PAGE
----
Is It Alright To Take Cymbalta 60mg Twice A Day?

Question

Asked by mmuse

Is It Alright To Take Cymbalta 60mg Twice A Day?

WILL SOMEONE PLEASE ANSWWER MY QUESTION

Answer

Hi mmuse:

You really didn't give us much information in order to answer your question fully. I am not a physician but many of my patients take Cymbalta,which is in the category of SSNRI's or Selective Serotonin Norepinephrine Reuptake Inhibitors. That's a bunch of words that simply mean that more serotonin and norepinephrine are available to you in your brain when you are taking the medication. Doctors don't give Cymbalta just for some pain, since it's generally prescribed for depression. That being said, they DO use it for severe pain and is approved for things like diabetic neuropathy pain. They also use Cymbalta with pain medications, especially very strong ones, because they often cause depression.

Usually doctors prescribe Cymbalta in either one or two doses a day, depending on the problem they are treating. Much of the literature has indicated that doses higher than 60 mg a day may not be much more beneficial than 30 mg twice a day. That being said, have you seen benefits, and can you tolerate the side effects? Also, do you trust your doctor? If not, then find another physician. If you do, then ask him why he is treating you with this dose.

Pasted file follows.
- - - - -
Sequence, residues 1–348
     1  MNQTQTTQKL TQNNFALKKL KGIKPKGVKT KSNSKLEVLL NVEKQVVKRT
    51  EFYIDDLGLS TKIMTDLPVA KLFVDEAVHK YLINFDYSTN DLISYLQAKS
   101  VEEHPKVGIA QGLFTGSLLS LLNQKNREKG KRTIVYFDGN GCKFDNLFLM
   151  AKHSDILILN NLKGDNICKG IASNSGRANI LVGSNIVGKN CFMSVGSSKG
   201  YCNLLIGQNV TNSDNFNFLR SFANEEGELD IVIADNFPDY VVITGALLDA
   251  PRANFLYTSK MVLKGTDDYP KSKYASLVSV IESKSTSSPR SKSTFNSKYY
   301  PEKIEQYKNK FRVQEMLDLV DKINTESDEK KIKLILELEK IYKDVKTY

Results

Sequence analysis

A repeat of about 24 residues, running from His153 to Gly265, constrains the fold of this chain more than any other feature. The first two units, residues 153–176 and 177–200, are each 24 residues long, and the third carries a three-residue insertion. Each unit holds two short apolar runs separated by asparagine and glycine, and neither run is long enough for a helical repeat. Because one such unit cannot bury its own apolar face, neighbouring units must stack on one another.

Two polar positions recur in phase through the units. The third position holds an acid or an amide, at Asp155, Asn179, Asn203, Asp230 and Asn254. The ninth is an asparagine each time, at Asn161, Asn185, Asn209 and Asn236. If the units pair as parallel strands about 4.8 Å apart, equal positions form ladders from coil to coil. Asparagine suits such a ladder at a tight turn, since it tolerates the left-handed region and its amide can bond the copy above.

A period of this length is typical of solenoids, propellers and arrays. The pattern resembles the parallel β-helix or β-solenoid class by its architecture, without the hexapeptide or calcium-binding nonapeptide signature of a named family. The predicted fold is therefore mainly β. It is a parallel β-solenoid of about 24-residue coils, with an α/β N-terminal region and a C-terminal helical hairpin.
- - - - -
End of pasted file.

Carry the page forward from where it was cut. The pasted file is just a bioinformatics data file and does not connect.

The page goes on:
Finally, I would suggest that you find a pain management specialist who can help you learn how to reduce your pain and cope better with it. There are many counselors trained in this and you can find one locally through Psychology Today.

I hope this helps,

Dr. Diana Walcutt

The Stress Masters *Dr. Walcutt is a Psychologist, not a Psychiatrist. Psychiatrists prescribe medications. Psychologists study them, but the majority of Psychologists are not authorized to prescribe meds or give you specific advice about them. Dr. Walcutt's answers are not intended to diagnose or treat any medical or mental disorder. Any information given in a post about medication is for educational purposes only, and primarily to aid you in having an informed discussion with your own Psychiatrist/Physician.

Answered by Diana L. Walcutt, M.D.